The number of Americans quitting their jobs is at a 5-year high, according to the Bureau of Labor Statistics. Entrepreneurial activity has also been on the rise as of late, according to the Global Entrepreneurship Monitor. Could these trends be related? I’d say so.
During the recession, Americans were staying put in their jobs even if they were unhappy. Recently, however, people are feeling much more confident in their ability to find a soft landing if they jump ship. Some of those people are leaving for jobs at other companies, but many are moving on to build businesses of their own.
We’re currently in the midst of a major cultural shift—48 percent of Americans want to be entrepreneurs today. While past generations believed that the best and safest path was through a long career at a big, stable company, those in the workforce now don’t see it that way at all. The financial crisis called into question the entire notion of job security, as “stable jobs” were lost and “stable companies” turned out to be anything but.
Nowadays, many people are of the mindset that entrepreneurship is actually the more secure path. Instead of putting yourself at the mercy of layoffs and watching the heads of the company you work for make bad decisions, entrepreneurship means taking your fate into your own hands.
The millennial generation grew up with role models like Mark Zuckerberg, who proved that not only do you not have to go to work at a big company to be successful, but you don’t even have to finish college. A whopping 63 percent of 20-somethings want to start their own businesses, according to a recent survey.
And it’s not just the millenials who are finding entrepreneurship more appealing than the 9-to-5. According to the Kauffman Foundation, the 55+ age group is the fastest growing demographic of entrepreneurs. “Encore careers” are becoming more and more common, as retirees want to stay active and supplement their retirement income at the same time.
Even baby boomers who haven’t yet reached retirement age are leaving the corporate world and striking out on their own—a survey from the MetLife Foundation found that 25 percent of baby boomers hope to start a business or nonprofit in the near future. In all age groups combined, entrepreneurial ambitions have grown much stronger over the last decade, according to an ongoing survey by the Global Entrepreneurship Monitor.
Not only is the desire to pursue entrepreneur-ship more common now than it was 10 years ago, but it’s also easier to become an entrepreneur today than it was in the past. Barriers to striking out on your own are at an all-time low. It used to be that to start a business you needed hundreds of thousands of dollars in startup capital. Now, according to Intuit, it takes only $365 to start a business in the U.S.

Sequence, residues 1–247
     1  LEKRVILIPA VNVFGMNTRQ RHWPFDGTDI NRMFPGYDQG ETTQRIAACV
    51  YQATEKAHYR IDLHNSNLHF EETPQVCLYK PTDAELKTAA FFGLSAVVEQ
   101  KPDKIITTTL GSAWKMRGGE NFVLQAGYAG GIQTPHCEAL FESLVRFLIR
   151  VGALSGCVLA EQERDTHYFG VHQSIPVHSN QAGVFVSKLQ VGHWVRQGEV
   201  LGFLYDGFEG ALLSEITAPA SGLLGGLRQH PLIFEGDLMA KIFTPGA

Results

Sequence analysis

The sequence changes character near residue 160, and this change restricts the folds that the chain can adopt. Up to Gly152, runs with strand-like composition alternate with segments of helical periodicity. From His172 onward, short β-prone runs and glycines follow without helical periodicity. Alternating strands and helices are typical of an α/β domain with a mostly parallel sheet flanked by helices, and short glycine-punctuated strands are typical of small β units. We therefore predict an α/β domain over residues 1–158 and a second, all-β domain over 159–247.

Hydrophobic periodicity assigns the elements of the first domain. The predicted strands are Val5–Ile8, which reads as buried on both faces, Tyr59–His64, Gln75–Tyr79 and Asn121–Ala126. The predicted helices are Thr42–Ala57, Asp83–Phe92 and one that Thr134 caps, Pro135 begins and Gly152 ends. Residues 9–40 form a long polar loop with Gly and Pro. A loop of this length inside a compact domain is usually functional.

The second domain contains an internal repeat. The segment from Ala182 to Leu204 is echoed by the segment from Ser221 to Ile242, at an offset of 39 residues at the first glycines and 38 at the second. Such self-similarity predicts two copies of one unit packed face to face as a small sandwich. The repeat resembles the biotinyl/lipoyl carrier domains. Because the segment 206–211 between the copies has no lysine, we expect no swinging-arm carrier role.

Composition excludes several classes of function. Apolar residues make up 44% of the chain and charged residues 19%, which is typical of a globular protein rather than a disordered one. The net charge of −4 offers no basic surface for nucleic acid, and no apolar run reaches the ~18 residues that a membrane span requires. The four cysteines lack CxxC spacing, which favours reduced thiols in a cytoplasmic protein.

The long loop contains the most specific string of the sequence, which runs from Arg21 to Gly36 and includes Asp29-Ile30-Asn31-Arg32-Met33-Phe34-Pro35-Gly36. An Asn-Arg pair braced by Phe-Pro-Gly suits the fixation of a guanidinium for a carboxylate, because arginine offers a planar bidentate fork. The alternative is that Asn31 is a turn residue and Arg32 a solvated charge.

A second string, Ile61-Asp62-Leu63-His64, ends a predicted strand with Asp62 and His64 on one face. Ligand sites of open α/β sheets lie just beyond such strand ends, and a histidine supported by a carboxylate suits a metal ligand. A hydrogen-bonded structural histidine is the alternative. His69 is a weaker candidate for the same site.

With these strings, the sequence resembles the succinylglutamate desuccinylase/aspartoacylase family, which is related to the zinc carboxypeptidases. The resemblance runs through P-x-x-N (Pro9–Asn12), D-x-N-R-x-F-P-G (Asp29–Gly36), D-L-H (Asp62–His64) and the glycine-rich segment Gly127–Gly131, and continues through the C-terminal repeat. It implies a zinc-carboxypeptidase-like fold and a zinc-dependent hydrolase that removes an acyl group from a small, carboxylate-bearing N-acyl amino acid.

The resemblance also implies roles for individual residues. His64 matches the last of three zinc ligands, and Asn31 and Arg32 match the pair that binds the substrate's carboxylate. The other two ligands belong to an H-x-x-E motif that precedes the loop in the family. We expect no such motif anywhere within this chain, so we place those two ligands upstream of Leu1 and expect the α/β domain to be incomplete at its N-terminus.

We can thank technology for that—the internet has made starting a business from scratch extremely accessible. It costs almost nothing to build a basic web page, and you can set up a whole business infrastructure for under $100 a month. Virtual help desks, for example, allow small companies to offer world-class customer service without adding a whole customer service team to the payroll.
For types of businesses that require more than the bare minimum startup capital (a physical storefront, for example), there are also many more ways to raise money today.
Even though the credit environment could be better, alternative financing options abound. Aspiring entrepreneurs who have excellent personal credit and a solid business plan can apply for unsecured debt (i.e., no collateral required); for those with slightly less stellar credit scores, a merchant advance (fast cash, minimal paperwork, high fees) can be a good option; and those with retirement savings can make use of a Rollover as Business Startups (ROBS) transaction to invest their IRA funds into their own business.
By the year 2020, 40 percent of people in the U.S. will work for themselves, according to a study by Intuit. As the barriers to starting a business continue to get lower and the cultural shift away from the 9-to-5 lifestyle continues, we are entering into a new golden age of entrepreneurship in America.
50 years ago, the American dream was to find a stable job, have a long career, and retire with a pension at age 65. Today, that ideal feels awfully antiquated. What people want now is an opportunity to be autonomous and creative, to call the shots and make their own way. We see that it’s possible to change the world in ways big and small. And for many of us, entrepreneurship is the best way to do it.